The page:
Six mornings a week the train runs westward from Altoona to Pittsburgh, a distance of a hundred miles. The route is indirect, tortuous; the earth is buckled, swollen with what lies beneath. Here and there, the lights of a town: rows of company houses, narrow and square; a main street of commercial buildings, quickly and cheaply built. Brakes screech; the train huffs to a stop. Cars are added. In the passenger compartment, a soldier on furlough clasps his duffel bag, shivers and waits. The whistle blows. Wheezing, the engine leaves the station, slowed by the extra tons of coal.

The train crosses an iron bridge, the black water of the Susquehanna. Lights cluster in the next valley. The town, Bakerton, is already awake. Coal cars thunder down the mountain. The valley is filled with sound.

The valley is deep and sharply featured. Church steeples and mine tipples
grow inside it like crystals. At bottom is the town’s most famous landmark, known locally as the Towers, two looming piles of mine waste. They are forty feet high and growing, graceful slopes of loose coal and sulfurous dirt. The Towers give off an odor like struck matches. On windy days they glow soft orange, like the embers of a campfire. Scrap coal, spontaneously combusting; a million bits of coal bursting into flame.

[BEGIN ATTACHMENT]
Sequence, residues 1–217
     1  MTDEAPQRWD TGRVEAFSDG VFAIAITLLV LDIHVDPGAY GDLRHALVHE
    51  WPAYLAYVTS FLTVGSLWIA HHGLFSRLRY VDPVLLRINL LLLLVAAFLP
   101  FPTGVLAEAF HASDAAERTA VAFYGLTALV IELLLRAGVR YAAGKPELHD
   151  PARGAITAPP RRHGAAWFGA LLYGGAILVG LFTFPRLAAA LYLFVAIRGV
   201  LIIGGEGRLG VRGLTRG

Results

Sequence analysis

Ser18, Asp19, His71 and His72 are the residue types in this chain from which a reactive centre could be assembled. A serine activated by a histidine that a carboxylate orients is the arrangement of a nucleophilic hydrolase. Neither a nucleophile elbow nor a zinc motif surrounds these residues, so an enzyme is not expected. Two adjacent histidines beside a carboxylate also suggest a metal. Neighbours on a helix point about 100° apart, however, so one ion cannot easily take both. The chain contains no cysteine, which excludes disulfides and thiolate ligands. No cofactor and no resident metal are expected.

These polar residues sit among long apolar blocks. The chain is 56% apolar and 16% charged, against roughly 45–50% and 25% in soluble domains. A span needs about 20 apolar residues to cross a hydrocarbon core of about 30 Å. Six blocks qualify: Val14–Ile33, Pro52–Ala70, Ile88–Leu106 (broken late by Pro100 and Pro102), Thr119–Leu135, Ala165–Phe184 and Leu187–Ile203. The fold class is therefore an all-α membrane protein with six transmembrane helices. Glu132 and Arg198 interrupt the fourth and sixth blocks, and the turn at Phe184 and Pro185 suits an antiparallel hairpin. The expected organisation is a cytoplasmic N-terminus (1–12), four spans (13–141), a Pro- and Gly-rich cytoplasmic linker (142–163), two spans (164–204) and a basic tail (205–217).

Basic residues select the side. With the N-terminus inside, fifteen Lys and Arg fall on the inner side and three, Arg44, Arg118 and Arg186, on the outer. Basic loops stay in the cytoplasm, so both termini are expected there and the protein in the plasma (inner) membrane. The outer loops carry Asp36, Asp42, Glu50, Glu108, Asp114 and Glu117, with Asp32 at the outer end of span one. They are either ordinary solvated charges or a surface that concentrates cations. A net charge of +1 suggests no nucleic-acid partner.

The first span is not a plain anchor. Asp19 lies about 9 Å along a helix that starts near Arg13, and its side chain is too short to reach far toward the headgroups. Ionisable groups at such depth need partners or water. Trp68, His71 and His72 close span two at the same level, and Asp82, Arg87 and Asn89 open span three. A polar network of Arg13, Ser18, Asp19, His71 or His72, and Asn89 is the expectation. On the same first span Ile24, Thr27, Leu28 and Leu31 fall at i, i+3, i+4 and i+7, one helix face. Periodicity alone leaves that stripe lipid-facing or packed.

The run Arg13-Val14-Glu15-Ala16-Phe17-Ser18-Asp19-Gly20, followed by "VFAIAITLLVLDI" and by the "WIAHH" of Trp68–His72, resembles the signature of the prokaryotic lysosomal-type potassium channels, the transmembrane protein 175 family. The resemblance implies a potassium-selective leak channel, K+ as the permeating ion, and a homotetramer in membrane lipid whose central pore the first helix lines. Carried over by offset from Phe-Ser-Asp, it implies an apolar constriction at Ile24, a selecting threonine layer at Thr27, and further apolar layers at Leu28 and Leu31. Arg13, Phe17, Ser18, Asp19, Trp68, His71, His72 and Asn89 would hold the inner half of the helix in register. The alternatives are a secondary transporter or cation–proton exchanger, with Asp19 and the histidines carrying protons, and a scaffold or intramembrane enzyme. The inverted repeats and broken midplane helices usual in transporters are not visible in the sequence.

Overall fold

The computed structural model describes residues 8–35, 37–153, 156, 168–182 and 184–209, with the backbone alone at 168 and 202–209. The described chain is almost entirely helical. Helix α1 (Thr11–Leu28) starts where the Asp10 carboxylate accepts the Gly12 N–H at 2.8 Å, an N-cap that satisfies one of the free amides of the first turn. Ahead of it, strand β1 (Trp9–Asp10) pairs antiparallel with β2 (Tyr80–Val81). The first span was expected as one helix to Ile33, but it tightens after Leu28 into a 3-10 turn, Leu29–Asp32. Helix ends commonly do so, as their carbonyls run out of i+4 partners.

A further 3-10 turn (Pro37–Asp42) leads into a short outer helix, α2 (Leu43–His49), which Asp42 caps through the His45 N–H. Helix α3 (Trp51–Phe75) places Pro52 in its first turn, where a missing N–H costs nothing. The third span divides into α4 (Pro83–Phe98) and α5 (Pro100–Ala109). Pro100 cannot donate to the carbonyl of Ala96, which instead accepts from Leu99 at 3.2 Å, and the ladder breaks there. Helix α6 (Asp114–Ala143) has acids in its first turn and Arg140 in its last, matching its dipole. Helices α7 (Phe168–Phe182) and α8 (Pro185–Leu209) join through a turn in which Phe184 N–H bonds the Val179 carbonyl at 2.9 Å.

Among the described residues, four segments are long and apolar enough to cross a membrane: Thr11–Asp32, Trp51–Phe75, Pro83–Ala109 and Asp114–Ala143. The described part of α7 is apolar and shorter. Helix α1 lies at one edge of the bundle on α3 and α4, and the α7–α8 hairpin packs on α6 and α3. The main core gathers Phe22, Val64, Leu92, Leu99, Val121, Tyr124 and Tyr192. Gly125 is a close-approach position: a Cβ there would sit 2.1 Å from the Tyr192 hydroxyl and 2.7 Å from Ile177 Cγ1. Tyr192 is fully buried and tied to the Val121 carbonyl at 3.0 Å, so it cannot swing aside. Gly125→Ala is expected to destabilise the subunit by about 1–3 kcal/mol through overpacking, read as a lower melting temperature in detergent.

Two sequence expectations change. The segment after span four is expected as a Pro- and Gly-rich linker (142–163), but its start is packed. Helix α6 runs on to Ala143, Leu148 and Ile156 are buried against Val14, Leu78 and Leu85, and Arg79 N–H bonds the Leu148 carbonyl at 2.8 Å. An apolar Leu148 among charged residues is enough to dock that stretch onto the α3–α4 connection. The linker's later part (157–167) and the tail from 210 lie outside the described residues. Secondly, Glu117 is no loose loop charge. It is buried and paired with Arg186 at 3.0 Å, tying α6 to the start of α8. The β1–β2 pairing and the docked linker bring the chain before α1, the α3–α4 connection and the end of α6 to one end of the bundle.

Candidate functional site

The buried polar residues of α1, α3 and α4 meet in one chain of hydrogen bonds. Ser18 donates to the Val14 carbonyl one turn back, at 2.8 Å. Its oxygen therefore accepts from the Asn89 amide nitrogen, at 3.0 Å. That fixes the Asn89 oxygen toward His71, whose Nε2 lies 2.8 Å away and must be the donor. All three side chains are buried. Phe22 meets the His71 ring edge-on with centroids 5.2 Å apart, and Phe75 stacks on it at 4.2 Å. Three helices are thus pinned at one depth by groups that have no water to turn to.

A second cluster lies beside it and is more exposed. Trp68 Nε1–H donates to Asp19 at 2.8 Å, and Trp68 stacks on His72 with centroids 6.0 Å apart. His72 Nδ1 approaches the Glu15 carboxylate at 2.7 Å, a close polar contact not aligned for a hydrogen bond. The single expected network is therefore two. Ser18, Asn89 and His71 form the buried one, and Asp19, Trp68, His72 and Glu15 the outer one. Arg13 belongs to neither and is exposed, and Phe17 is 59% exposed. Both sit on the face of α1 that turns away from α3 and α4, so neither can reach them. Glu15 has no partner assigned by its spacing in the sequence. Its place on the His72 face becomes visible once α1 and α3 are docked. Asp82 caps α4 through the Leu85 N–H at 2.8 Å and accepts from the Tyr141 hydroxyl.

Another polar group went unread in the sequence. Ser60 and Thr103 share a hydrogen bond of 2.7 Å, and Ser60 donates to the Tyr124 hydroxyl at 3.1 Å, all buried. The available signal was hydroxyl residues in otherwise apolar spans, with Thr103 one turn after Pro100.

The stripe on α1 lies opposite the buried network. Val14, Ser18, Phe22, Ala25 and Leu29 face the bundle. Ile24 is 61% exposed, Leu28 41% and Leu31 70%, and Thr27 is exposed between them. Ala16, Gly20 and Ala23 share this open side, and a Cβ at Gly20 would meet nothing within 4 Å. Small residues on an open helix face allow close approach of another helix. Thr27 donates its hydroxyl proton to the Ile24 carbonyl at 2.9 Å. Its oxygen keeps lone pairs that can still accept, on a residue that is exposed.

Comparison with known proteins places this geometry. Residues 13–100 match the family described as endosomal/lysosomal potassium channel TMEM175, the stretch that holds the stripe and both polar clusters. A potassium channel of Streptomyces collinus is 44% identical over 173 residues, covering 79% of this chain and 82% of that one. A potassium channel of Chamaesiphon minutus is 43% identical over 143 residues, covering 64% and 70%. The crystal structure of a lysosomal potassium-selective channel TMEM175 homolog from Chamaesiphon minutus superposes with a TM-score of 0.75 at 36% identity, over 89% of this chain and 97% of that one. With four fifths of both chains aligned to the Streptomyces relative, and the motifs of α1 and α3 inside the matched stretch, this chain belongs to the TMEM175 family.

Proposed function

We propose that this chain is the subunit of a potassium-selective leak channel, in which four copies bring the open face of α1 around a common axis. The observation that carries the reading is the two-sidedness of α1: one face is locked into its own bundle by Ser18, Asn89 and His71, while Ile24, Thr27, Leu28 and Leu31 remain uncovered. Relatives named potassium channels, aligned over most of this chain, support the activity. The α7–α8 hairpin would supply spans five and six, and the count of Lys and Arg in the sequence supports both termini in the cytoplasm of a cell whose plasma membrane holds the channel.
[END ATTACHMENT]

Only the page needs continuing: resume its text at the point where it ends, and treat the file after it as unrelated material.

Bakerton is Saxon County’s boomtown. Like the Towers, it is alive with coal. A life that started in the 1880s, when two English brothers, Chester and Elias Baker, broke ground on Baker One. Attracted by hand-bills, immigrants came: English and Irish, then Italians and Hungarians; then Poles and Slovaks and Ukrainians and Croats, the “Slavish,” as they were collectively known. With each new wave the town shifted to make room. Another church was constructed. A new cluster of company houses appeared at the edge of town. The work—mine work—was backbreaking, dangerous and bleak; but at Baker Brothers the union was tolerated. By the standards of the time the pay was generous, the housing affordable and clean.